WASHINGTON — Rep. Mike Ross received close to $80,000 in contributions from energy, mining and related interests close to the time of his vote earlier this year against sensitive climate-change legislation, Federal Election Commission records show.
Legislation sponsored by Democratic Reps. Henry Waxman of California and Edward Markey of Massachusetts attempts to address global warming by taxing carbon emissions. It would put progressively tighter limits on greenhouse gas emissions with a 17% cut from 2005 levels by 2020, and 80% by 2050.
A similar bill is now being considered in the Senate.
A wide range of industries that emit carbon, especially utilities, are desperately fighting the legislation, warning it would greatly increase electricity and other energy prices and cost American jobs.
Ross was one of only 44 Democrats to oppose the legislation, which passed the House 219-212 on June 26.
Fund-raisers sponsored by energy companies netted him $61,000 in June alone, money coming mainly from political action committees related to oil, coal, nuclear, refining and mining companies and lobbying groups. He received an additional $2,900 that month from individual contributors related to such interests. And in May he got $13,000 from PACs opposed to the climate legislation.
In all, he received contributions from 39 different companies and lobbying groups involved in those issues.
Ross's Washington office deferred questions on the appropriateness of the contributions to his campaign office, but the latter did not respond to a request for comment.
But Gabriela Schneider, spokesman for the Sunlight Foundation, a Washington watchdog group said: “We can see who is getting his ear. We can see who is lining his pockets with campaign contributions.”
Ross's contributions in June: Action Committee for Rural Electrification, $3,000; American Electric Power Co., $2,000; American Gas Association, $1,000; Anadarko Petroleum, $1,000; Arch Coal Inc., $1,000; British Petroleum, $1,000; Chesapeake Energy, $2,500; Chevron, $1,000; CMS Energy Corp., $1,000; Coal PAC, $2,500.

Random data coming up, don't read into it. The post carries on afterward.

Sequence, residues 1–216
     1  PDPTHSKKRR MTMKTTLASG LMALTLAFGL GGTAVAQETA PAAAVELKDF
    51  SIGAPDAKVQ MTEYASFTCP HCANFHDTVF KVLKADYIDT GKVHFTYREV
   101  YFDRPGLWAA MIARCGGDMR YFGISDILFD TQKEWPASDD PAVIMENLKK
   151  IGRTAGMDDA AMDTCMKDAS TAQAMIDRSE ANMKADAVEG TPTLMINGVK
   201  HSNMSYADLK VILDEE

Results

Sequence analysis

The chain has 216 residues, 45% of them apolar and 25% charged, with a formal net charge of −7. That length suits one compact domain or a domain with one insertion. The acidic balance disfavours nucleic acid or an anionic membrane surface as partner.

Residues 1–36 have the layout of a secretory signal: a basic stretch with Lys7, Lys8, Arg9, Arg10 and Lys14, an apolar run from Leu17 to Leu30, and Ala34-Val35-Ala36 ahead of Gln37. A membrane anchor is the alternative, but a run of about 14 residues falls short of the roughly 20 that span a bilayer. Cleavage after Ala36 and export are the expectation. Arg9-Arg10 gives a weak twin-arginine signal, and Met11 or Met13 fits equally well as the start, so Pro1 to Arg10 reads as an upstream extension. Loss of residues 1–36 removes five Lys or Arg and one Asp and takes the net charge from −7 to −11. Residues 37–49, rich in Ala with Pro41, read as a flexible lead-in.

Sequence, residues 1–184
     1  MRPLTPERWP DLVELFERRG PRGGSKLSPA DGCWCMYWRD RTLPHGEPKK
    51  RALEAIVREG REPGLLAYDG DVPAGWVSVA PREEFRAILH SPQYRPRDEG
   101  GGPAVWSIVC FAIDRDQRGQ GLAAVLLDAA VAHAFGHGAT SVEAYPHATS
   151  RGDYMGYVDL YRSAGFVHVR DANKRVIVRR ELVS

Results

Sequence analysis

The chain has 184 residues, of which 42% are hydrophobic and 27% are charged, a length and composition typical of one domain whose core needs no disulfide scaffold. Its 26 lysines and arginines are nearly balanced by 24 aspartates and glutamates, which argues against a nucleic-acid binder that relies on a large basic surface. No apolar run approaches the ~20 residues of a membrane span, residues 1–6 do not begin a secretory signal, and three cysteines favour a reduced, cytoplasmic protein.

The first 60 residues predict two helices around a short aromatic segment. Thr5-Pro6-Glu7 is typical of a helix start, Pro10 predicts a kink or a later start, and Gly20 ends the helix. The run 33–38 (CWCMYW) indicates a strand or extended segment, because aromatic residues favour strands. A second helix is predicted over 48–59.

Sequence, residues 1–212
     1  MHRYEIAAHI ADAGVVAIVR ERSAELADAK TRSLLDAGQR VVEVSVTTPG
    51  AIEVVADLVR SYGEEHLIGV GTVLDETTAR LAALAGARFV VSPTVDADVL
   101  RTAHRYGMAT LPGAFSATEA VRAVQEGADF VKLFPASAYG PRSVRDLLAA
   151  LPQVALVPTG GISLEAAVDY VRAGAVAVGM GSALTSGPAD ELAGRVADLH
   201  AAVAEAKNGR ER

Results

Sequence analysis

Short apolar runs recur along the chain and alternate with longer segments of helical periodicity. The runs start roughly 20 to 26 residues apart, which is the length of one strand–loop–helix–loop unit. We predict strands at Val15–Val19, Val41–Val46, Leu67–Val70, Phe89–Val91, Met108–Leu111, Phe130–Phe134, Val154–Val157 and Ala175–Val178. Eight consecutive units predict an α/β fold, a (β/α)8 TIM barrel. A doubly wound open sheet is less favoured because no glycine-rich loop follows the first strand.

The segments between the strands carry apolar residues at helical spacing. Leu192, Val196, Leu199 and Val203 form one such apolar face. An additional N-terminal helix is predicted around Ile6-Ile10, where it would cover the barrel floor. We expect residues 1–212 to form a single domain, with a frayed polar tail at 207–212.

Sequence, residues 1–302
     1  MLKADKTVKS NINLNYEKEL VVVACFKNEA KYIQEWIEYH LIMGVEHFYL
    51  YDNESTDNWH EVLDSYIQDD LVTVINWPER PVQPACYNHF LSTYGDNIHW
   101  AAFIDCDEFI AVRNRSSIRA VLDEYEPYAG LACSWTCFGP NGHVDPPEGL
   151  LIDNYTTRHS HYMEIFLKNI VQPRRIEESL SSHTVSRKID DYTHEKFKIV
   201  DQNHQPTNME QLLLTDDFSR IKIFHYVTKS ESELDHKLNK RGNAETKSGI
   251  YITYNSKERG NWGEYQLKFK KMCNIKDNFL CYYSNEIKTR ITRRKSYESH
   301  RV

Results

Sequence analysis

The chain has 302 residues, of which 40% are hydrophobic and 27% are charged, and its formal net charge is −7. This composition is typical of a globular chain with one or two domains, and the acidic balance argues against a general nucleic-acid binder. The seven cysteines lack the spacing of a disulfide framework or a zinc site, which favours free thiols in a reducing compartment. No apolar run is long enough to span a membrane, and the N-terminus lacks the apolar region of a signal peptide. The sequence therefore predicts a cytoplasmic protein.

Constellation Energy Group, $1,000; Dominion Power, $1,000; DTE Energy, $1,000; Duke Energy, $1,000; El Paso Corp., $1,000; Entergy, $1,000; Exelon Corp., $1,000.
Foundation Coal Corp., $2,000; IPAA Wildcatters, $1,000; Koch Industries, $5,000.
Lyondell Chemical, $1,000; Marathon Oil, $1,000; National Mining Association, $1,500.
Murphy Oil, $3,000; Northeast Utilities, $1,000; NRG Energy, $1,000; Nuclear Energy Institute, $2,000; Peabody Energy Corp., $3,500; Edison Electric Institute, $2,500; Progress Energy, $1,000; Southern Company, $1,000; Southwestern Energy, $5,000.
Teco Energy, $1,000; Valero Energy, $2,500; Xcel Energy, $1,000.
Contributions received in May: Alliance Coal, $1,000; American Electric Power, $2,000; Chevron, $1,000; Koch Industries, $2,000; Occidental Petroleum, $2,500; Power PAC, $2,000; Tesoro Petroleum, $1,500; United Mine Workers, $1,000.
Individual contributions from such interests included Brian L. Wolff of the Edison Electric Institute, $2,400, and James E. Ford, American Petroleum Institute, $500, both in June.
Ross received even more contributions from opponents to climate change in July and August, including $4,000 more from the Southern Company, $1,000 from Spectraa Energy, $1,000 from the Action Committee for Rural Electrification, $1,000 from Entergy, $2,000 from Murphy Oil and $2,500 from the National Petrochemical Refiners.
In contrast, Ross also received one contribution from a “green” interest, $1,000 from the American Wind Energy Association in May.
Yep, those are seven good reasons. I must admit that I actually voted for Rutledge…